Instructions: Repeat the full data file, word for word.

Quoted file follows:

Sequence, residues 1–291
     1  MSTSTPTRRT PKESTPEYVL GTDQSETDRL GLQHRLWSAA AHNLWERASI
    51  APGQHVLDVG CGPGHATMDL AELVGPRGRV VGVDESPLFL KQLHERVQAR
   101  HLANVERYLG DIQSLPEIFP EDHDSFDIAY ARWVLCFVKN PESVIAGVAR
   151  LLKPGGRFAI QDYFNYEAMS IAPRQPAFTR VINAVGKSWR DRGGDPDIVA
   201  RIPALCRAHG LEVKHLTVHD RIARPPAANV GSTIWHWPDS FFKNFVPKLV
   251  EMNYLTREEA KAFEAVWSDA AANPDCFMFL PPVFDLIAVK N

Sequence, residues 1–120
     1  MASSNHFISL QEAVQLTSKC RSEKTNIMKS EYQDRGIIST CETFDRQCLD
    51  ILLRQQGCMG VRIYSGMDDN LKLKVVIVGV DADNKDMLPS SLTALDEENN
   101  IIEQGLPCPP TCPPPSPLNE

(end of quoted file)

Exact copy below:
Sequence, residues 1–291
     1  MSTSTPTRRT PKESTPEYVL GTDQSETDRL GLQHRLWSAA AHNLWERASI
    51  APGQHVLDVG CGPGHATMDL AELVGPRGRV VGVDESPLFL KQLHERVQAR
   101  HLANVERYLG DIQSLPEIFP EDHDSFDIAY ARWVLCFVKN PESVIAGVAR
   151  LLKPGGRFAI QDYFNYEAMS IAPRQPAFTR VINAVGKSWR DRGGDPDIVA
   201  RIPALCRAHG LEVKHLTVHD RIARPPAANV GSTIWHWPDS FFKNFVPKLV
   251  EMNYLTREEA KAFEAVWSDA AANPDCFMFL PPVFDLIAVK N

Sequence, residues 1–120
     1  MASSNHFISL QEAVQLTSKC RSEKTNIMKS EYQDRGIIST CETFDRQCLD
    51  ILLRQQGCMG VRIYSGMDDN LKLKVVIVGV DADNKDMLPS SLTALDEENN
   101  IIEQGLPCPP TCPPPSPLNE